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Remain closed for years
Prem Punetha, Here schools open in poll time only, Feb 6, 2017, The Times of India
Over 50 schools in Pithoragarh district have remained closed for the past few years
However, come election time and some of them are opened, hastily cleaned up and converted into poll booths
A govt primary school in Champawat. A govt primary school in Champawat.
They are ghost buildings — where instead of the clamour of students and the sound of lessons, an eerie silence prevails.
Over 50 schools in Pithoragarh district have remained closed for the past few years because the families of children studying here have migrated from the area in search of better livelihood options. As a result, these buildings lie abandoned. However, come election time and some of them are opened, hastily cleaned up and converted into poll booths. The government primary school in Bona village, 10 km from the nearest roadhead, is one such institution. Located in a remote corner of the Dharchula constituency which lies along the India-Nepal border, the school closed in 2013. This election, the building will function as a polling booth for Bona and Golfa village which have 632 voters. "Those who want to educate their children do not stay in the village since the only occupation is agriculture. Most of the families with children have migrated to Munsiyari. That is why the school had to shut down," says Puran Pandey, a local resident.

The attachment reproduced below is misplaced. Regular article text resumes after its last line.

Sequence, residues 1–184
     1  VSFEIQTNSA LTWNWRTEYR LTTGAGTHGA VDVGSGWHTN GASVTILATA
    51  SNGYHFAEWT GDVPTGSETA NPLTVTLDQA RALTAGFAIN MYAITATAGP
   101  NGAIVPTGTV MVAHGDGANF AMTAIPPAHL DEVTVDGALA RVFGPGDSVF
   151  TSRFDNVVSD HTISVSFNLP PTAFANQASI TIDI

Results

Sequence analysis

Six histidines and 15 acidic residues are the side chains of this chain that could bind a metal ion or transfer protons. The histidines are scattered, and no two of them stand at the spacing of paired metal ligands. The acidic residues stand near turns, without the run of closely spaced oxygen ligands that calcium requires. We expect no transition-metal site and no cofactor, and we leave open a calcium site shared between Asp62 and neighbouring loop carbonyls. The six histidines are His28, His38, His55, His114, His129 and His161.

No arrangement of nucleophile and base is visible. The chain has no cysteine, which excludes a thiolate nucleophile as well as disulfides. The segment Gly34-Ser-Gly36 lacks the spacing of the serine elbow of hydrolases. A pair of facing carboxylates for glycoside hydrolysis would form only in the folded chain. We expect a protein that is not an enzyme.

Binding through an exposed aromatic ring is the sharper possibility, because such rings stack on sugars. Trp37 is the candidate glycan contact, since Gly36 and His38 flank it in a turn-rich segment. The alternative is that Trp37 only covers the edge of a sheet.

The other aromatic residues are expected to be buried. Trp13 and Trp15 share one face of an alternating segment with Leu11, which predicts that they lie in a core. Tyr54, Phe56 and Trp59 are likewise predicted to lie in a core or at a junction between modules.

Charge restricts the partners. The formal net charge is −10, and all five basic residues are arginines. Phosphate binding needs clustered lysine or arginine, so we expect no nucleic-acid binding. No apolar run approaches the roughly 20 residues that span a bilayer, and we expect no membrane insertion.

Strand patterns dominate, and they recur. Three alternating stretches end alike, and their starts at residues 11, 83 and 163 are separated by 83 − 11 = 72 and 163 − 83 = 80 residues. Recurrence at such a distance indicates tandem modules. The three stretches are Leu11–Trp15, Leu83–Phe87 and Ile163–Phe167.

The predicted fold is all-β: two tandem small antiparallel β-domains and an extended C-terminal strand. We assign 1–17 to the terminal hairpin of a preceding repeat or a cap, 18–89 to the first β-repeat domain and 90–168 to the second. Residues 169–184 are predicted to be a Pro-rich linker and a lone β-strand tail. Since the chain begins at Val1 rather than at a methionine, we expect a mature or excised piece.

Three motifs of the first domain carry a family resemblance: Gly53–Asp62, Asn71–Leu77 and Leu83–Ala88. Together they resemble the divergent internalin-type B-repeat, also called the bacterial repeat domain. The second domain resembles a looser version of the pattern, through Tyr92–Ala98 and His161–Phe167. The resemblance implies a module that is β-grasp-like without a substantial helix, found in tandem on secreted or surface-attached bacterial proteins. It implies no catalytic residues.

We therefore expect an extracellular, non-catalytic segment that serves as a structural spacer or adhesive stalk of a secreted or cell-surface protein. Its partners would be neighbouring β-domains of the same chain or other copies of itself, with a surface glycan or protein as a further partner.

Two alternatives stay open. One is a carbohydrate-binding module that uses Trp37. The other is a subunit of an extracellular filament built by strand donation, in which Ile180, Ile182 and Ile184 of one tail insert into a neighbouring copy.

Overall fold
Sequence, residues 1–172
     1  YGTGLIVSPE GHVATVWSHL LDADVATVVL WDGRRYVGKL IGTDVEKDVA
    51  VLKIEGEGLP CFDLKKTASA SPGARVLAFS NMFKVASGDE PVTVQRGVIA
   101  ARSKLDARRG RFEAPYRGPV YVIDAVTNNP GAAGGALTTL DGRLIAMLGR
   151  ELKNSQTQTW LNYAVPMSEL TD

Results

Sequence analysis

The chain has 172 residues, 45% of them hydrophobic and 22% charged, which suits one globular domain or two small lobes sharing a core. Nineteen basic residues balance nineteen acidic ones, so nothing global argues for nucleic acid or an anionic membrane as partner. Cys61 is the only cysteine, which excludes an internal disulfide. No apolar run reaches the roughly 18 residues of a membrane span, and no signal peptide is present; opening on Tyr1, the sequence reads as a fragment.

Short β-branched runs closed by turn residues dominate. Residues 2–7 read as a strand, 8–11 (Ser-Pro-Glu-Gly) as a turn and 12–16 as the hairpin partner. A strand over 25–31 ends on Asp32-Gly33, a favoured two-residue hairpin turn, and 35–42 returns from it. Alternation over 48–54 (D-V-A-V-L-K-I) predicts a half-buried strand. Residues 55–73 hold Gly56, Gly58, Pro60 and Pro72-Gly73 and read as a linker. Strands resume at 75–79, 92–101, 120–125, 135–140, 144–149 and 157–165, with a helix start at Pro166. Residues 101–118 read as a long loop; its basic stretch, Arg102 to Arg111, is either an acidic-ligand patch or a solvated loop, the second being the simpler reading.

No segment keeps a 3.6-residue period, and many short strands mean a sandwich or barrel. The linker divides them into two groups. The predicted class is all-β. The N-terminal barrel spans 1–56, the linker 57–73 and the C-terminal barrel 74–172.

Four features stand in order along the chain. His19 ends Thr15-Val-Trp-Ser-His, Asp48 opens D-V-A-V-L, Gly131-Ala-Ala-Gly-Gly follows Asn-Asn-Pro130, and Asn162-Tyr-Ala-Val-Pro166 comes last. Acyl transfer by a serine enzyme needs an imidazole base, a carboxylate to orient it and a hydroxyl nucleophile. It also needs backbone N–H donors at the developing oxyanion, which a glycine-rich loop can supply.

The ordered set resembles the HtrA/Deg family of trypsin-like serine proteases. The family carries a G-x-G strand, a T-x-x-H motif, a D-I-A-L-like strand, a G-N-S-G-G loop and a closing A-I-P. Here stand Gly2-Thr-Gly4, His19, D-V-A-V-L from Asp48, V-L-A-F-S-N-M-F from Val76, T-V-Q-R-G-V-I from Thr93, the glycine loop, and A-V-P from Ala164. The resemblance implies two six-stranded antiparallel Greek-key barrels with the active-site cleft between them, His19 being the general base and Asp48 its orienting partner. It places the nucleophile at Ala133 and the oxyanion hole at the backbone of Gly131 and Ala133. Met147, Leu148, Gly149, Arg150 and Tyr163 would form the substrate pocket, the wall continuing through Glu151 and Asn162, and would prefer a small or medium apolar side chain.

It is a similar story in villages of nearby Didihat constituency. The government primary school at Bhulagaon for instance closed almost three years back due to lack of students. A few days ago, its lock was opened and preparations were ongoing to make it a polling centre for the 387 voters of villages like Bhulagoan, Adali and Majhera. The school was put to a similar use in the 2014 Lok Sabha elections as well. It's not as if the problem is limited to Pithoragarh alone. In almost all the remote hill districts of Kumaon, it is a similar story. In Champawat for example, Sunadi village, once home to 55 families, has just 20 families left. Consequently, it's primary school downed shutters and will now function as a polling booth.
"Who would want to stay in a village where there are no medical facilities and education opportunities?," says an agitated Naresh Joshi, a local villager. "Wild animals destroy our crops and the poor quality of education compels us to send our wards two kilometres away to a private school," he adds. AK Jukariya, district education officer, Pithoragarh, expressed helplessness at the closing of schools in the area. "If we have sufficient number of students, we can re-open them. But until that happens, it is not viable for us to run these schools."